Conclusion: Fundamentals are falling out RAPIDLY from under the stock market, but the robotraders keep trying to do their relentless programmed job of ratcheting the market up with a million incremental squeezes. Eventually, the falling fundamentals will overwhelm the machines. They will click their last ratchet upward. When they do, I highly suspect these bots that have been designed by programmers who never knew anything but a bull market during their short careers will outbid each other all the way to the bottom unless some human wisely yanks the IT cord on New York Stock Exchange to stop the slaughter.

Even in that case, restarting the stock market the next day will be problematic with all the bots on line and ready to charge downhill in mutual electronic bewilderment. If the bots have failsafes or circuit breakers built into their algos, I’m willing to bet those stops perform poorly. So, expect more jolts and plug pullings.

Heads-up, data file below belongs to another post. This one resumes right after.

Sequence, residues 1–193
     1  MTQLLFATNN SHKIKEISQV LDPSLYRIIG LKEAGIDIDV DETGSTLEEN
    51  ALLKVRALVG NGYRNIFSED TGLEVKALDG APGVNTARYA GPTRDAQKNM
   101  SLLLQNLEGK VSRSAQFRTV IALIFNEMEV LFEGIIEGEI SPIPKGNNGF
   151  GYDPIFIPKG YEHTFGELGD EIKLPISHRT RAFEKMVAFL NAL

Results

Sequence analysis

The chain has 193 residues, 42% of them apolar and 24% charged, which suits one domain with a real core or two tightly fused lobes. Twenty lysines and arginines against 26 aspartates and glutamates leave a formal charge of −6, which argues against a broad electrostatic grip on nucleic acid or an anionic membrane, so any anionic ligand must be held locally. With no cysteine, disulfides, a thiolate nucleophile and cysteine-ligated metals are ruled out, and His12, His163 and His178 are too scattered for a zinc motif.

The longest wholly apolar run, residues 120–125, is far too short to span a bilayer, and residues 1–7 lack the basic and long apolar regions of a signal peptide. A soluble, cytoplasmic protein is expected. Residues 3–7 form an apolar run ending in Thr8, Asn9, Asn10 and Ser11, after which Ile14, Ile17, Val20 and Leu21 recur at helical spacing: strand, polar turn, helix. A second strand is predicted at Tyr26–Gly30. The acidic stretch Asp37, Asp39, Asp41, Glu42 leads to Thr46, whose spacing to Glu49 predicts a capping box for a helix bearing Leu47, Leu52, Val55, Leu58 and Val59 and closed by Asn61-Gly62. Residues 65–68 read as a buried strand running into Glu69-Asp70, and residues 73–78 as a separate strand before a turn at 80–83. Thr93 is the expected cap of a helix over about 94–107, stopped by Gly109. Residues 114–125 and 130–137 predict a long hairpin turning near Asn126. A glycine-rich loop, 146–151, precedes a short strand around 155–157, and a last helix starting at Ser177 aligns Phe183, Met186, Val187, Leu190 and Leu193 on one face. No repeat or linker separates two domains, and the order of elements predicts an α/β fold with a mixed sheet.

My observation of human-designed “failsafes” is that the word, itself, should trigger alarms. Failsafes can can be summed up in single words or short names like like “Three-Mile Island, China Syndrome, Chernobyl, Fukushima.” All things that were human engineered to be beyond failure with all their safety mechanisms. Nature (reality) always finds a way. The slow, crushing collapse of the now-churning economy will overwhelm the algorithms, and I doubt those human replacements will have a clue as to what to do in a bear market. We’ll be at the mercy of the machines.